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Lithotomy from Greek for "lithos" (stone) and "thomos" (cut), is a surgical method for removal of calculi, stones formed inside certain hollow organs, such as the bladder and kidneys (urinary calculus) and gallbladder (gallstones), that cannot exit naturally through the urethra, ureter or biliary duct. The procedure, which is usually done by means of a surgical incision (therefore invasive), differs from lithotripsy, whereas the stones are crushed either by a minimally invasive probe inserted through the exit canal, or by ultrasound waves (extracorporeal lithotripsy), which is a non-invasive procedure.
Additional recommended knowledge
Human beings have known of bladder stones ("vesical calculi") for thousands of years, and have attempted to treat them for almost as long. The oldest bladder stone that has been found was discovered in Egypt around 1900, and it has been dated to 4900 BC. The earliest written records describing bladder stones date to before the time of Hippocrates (ca. 460-370 BC). Hippocrates himself wrote that, “To cut through the bladder is lethal.”
However, lithotomy was a fairly common procedure in the past, and there were specialized lithotomists. The ancient Greek Hippocratic Oath includes the phrase: ”I will not cut for stone, even for the patients in whom the disease is manifest; I will leave this operation to be performed by practitioners,” a clear warning for physicians against the "cutting" of persons "laboring under the stone"; an act that was better left to surgeons (who were distinct from physicians at that time in history).
Operations to remove bladder stones via the perineum were performed by Hindus, Greeks, Romans, and Arabs. Ammonius Lithotomos (200 BC), Celsus (first century), and the Hindu surgeon Susruta produced early descriptions of bladder stone treatment using perineal lithotomy.
In 1000, Abu al-Qasim al-Zahrawi (Abulcasis), in his Al-Tasrif, described a more successful extraction of bladder and kidney stones from the urinary bladder using a new instrument he invented—a lithotomy scalpel with two sharp cutting edges—and a new technique he invented—perineal cystolithotomy—which allowed him to crush a large stone inside the bladder, "enabling its piecemeal removal." This innovation was important to the development of bladder stone surgery as it significantly decreased the death rates previously caused by earlier attempts at this operation.
In the 1500s, Pierre Franco (1505-1578) was a pioneer in the suprapubic lithotomy method. Frère Jacques Beaulieu developed an operation that went in laterally to remove the bladder stones in the late 1600s. Beaulieu was a travelling lithotomist with scant knowledge of anatomy and a Dominican Friar. Beaulieu performed the frequently deadly procedure in France into the early 1700s.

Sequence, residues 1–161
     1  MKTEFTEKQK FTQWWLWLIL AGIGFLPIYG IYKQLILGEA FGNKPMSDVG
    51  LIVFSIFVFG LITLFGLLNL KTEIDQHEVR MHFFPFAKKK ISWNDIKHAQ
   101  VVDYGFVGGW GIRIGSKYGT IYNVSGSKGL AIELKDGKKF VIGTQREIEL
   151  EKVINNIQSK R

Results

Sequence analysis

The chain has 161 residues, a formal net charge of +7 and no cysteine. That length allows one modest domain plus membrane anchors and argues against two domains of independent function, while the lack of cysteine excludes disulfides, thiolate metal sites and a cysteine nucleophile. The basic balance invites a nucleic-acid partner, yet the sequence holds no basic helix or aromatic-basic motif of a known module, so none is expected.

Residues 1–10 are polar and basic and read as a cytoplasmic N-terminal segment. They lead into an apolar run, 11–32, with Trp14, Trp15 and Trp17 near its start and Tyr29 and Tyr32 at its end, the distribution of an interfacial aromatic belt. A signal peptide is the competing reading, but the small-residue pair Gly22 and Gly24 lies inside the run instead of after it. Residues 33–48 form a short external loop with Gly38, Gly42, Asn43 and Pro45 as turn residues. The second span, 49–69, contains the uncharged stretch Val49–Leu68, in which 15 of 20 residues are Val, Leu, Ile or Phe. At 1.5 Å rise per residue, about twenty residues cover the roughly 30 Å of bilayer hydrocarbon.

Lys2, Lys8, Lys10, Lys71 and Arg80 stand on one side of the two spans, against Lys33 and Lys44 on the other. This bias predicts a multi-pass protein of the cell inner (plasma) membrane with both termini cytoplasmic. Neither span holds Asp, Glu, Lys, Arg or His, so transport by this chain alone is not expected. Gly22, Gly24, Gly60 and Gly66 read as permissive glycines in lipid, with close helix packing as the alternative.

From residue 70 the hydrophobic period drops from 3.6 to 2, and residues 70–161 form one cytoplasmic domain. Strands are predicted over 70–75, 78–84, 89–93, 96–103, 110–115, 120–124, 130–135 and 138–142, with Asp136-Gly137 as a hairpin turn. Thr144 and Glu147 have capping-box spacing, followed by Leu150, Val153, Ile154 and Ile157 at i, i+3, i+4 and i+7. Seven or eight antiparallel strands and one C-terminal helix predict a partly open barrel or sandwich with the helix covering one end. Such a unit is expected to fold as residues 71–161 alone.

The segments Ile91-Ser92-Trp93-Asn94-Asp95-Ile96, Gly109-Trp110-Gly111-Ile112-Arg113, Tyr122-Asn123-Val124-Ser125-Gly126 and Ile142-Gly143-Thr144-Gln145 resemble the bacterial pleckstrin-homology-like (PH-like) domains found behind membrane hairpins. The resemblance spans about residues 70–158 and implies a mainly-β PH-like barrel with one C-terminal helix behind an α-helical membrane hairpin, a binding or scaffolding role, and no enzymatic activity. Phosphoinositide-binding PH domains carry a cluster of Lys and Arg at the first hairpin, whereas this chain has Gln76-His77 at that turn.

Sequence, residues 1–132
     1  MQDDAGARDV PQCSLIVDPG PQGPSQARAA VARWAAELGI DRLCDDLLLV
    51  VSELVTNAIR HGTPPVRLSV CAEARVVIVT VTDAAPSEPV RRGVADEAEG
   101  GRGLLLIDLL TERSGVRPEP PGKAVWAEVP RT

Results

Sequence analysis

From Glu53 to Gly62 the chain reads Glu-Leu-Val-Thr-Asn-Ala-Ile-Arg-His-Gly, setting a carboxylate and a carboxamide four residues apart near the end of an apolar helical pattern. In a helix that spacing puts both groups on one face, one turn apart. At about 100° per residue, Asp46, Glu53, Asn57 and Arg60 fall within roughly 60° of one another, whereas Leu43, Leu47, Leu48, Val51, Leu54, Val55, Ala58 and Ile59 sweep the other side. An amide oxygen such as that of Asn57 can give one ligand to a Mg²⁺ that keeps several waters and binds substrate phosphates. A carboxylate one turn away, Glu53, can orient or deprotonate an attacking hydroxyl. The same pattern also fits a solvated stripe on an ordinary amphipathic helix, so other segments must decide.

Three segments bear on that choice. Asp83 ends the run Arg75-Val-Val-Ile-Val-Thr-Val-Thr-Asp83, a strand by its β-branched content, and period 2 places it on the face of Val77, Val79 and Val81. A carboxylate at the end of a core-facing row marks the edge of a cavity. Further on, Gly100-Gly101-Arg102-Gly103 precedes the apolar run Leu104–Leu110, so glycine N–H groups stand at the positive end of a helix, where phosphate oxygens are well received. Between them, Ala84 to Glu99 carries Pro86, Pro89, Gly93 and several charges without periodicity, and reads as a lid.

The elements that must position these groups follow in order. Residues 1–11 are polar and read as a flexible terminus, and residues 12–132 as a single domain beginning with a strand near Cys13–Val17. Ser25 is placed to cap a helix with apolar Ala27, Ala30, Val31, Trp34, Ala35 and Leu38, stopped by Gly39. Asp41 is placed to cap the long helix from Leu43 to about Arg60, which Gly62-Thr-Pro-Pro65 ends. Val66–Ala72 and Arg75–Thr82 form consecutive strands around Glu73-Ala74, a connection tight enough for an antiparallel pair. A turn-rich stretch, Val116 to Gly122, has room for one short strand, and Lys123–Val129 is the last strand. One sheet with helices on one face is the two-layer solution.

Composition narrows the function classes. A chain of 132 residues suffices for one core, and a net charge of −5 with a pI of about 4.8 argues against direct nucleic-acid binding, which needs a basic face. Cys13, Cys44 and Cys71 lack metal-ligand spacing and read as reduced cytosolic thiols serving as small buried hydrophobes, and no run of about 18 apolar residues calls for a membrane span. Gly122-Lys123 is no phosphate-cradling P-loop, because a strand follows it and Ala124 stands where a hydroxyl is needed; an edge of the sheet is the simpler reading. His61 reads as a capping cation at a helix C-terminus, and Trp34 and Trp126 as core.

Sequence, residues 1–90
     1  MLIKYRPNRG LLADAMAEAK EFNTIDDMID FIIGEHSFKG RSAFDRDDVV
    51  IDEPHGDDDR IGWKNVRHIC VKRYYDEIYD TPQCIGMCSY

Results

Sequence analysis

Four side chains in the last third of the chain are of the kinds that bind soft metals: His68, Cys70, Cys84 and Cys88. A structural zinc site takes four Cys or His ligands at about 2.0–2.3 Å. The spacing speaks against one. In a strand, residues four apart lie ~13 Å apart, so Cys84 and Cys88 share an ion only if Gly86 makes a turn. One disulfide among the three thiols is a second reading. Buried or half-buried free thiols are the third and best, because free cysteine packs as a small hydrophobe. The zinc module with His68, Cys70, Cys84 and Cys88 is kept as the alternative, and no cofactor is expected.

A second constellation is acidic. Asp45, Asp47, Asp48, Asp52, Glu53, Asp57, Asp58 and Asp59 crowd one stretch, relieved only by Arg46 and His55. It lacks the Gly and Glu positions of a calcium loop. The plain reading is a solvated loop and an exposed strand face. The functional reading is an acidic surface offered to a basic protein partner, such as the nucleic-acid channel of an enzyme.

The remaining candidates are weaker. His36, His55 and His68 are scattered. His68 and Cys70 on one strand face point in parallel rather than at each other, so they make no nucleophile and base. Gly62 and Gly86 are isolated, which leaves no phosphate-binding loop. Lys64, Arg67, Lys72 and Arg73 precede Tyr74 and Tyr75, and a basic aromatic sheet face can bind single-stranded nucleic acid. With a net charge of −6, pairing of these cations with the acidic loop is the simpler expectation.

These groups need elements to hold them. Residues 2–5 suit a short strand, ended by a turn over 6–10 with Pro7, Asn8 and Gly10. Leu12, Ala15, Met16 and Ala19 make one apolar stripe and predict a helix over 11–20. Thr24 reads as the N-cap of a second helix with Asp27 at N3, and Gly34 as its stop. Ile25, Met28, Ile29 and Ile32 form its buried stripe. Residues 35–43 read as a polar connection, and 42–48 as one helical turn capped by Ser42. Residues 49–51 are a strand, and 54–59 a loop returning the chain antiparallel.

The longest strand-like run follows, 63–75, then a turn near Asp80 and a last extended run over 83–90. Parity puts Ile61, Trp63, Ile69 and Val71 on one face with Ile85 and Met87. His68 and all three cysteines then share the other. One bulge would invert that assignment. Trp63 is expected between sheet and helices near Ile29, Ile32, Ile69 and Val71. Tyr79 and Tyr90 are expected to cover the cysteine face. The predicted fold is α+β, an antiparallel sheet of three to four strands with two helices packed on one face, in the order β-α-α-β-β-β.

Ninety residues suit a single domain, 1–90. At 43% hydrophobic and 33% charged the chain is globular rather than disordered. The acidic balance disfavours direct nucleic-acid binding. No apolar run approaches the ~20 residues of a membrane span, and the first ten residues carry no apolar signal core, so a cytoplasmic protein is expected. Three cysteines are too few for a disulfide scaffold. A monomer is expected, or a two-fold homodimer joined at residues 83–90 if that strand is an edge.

The urologic community often claims Beaulieu is subject of the French nursery rhyme Frère Jacques, but this is not well-established. A possible connection between Frère Jacques and the Frère Jacques Beaulieu (also known as Frère Jacques Baulot) , as claimed by Irvine Loudon  and many others, was explored by J. P. Ganem and C. C. Carson  without finding any evidence for a connection. Some have suggested that Frère Jacques was instead written to mock the Jacobin monks of France (Jacobins are what the Dominicans are called in Paris).
Lithotomy was advanced in the 18th century. Important names in its historical development were Jean Zuléma Amussat (1796-1856), Auguste Nélaton (1807-1873), Henry Thompson(1820-1904) and William Cheselden (1688-1752). The later invented a technique for lateral vesical stone lithotomy in 1727, whereupon he was said to perform the operation in about one minute time (an important feat before anesthesia).
Special surgical instruments were designed for lithotomy, consisting of dilators of the canal, forceps and tweezers, lithotomes (stone cutter) and cystotomes (bladder cutter), urethrotomes (for incisions of the urethra) and conductors, (grooved probes used as guides for stone extraction). The patient is placed in a special position in a lithotomy surgical table, called the lithotomy position (which, curiously, retains this name until present for other unrelated medical procedures).
Transurethral lithotripsy, which was much simpler and with lower morbidity, complication and mortality rates, was invented by French surgeon Jean Civiale (1792-1867) and largely substituted for surgical lithotomy, unless the crushing of calculi was difficult or impossible.
Notable people with bladder stones
Notable people who suffered from bladder stones include King Leopold I of Belgium, Emperor Napoleon Bonaparte, Emperor Napoleon III, Peter the Great, Louis XIV, George IV, Oliver Cromwell, Benjamin Franklin, the philosopher Sir Francis Bacon, the scientist Sir Isaac Newton, the civil servant and diarist Samuel Pepys, the physicians William Harvey and Herman Boerhaave, and the anatomist Antonio Scarpa.
Lithotomy in literature and popular culture
Much of Neal Stephenson's Baroque Cycle is concerned with bladder stones, lithotomy and its aftermath, with several characters being forced to choose between the risky operation or death from bladder stones.
|This article is licensed under the GNU Free Documentation License. It uses material from the Wikipedia article "Lithotomy". A list of authors is available in Wikipedia.|